Eight subsea wells were drilled and completed in Eugene-Island Block 175 Field from 1966 through 1968. Average water depth of the field is 85 feet. Service work, similar to wireline service on conventional wells, has been performed using thru-flowline pumpdown techniques. Workovers were required on three wells because of normal depletion and mechanical problems.
Three phases of the workover operation will be presented: I. Planning phase, II. Actual performance of the work, and III. Evaluation and conclusions of the job success. The planning phase will include rig selection, subsea inspection prior to moving in the rig, and formulating a particular plan of attack as in any workover. The second phase or work phase will include subsea inspection while moving in the rig and establishing contact with the wellbores. The removal and reinstallation of the subsea tree and installation of blowout preventers will be covered. Diver assist operations are documented by 16 mm color underwater photography. Once the blowout preventers have been installed, the problems of normal workovers will be excluded.
Three subsea wells were approved as workover candidates. One well did not require removal of the subsea tree, because problems were solved by conventional wireline and 1 inch pipe fishing operations through the tubing bores once contact with the well was established. The other two wells required removal of subsea Christmas tree and installing of 10" high pressure riser to repair the wells. Once the well was worked over the subsea trees were reinstalled.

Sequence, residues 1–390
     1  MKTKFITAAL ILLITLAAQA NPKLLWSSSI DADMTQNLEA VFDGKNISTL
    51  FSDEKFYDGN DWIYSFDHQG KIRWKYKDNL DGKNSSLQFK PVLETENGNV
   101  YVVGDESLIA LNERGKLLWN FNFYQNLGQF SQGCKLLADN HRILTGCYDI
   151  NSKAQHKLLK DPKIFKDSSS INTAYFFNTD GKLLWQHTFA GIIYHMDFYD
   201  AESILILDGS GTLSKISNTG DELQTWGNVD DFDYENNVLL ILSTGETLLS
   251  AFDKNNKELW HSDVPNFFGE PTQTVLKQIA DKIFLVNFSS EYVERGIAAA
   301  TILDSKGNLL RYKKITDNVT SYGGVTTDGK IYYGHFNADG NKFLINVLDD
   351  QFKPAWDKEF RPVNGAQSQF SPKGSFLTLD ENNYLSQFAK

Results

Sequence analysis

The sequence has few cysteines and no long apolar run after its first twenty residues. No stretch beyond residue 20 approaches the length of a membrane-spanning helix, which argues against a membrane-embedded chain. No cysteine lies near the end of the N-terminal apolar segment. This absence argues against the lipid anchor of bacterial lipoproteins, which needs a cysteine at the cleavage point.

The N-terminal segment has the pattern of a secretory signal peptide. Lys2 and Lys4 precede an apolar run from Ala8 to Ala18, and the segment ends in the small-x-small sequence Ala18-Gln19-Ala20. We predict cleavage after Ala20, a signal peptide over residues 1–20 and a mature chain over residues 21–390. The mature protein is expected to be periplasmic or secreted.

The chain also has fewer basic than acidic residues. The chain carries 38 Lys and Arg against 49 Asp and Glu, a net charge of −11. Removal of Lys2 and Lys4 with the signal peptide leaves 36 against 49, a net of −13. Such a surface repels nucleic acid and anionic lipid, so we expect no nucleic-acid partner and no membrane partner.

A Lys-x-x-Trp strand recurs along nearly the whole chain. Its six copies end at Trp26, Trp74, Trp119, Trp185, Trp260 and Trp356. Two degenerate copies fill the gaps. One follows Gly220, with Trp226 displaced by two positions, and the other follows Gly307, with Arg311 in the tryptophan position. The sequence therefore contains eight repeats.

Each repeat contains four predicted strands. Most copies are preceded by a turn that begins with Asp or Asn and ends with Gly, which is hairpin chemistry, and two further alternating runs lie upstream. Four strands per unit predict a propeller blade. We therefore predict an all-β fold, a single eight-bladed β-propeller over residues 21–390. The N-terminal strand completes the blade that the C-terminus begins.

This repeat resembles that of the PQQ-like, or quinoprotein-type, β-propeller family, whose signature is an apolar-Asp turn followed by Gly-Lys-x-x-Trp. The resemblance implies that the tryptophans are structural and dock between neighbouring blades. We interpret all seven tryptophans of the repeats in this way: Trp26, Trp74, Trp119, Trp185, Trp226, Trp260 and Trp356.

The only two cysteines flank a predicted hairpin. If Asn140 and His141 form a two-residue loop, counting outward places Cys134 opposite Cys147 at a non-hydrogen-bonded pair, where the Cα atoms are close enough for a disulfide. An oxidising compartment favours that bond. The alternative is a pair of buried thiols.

Atlantic Richfield Company is now operating eight subsea wells in offshore Louisiana waters. These wells are located in Eugene Island Block 175 Field, approximately 70 miles southwest of Morgan City, Louisiana. Average water depth for the field is 85 feet. These wells were among the first to be installed as subsea completions in the Gulf of Mexico. These wells were drilled and completed as string completions between 1966 and 1968. All of the wells are producing from multiple pay zones and are flowing to a common production platform located from one to three miles from the wells. Routine service work on these wells, such as pulling and inspecting storm chokes, cutting paraffin, etc., is done by the flowline pumpdown techniques from the production platform. The wells were-originally completed with special cross-over ports that allow the tubing strings to communicate in the well just above the top packer in the well. This feature allows tools, similar to wireline tools, to be pumped down the flowline and into the tubing strings of the wells and to be pumped back out of the wells and returned to the production platform.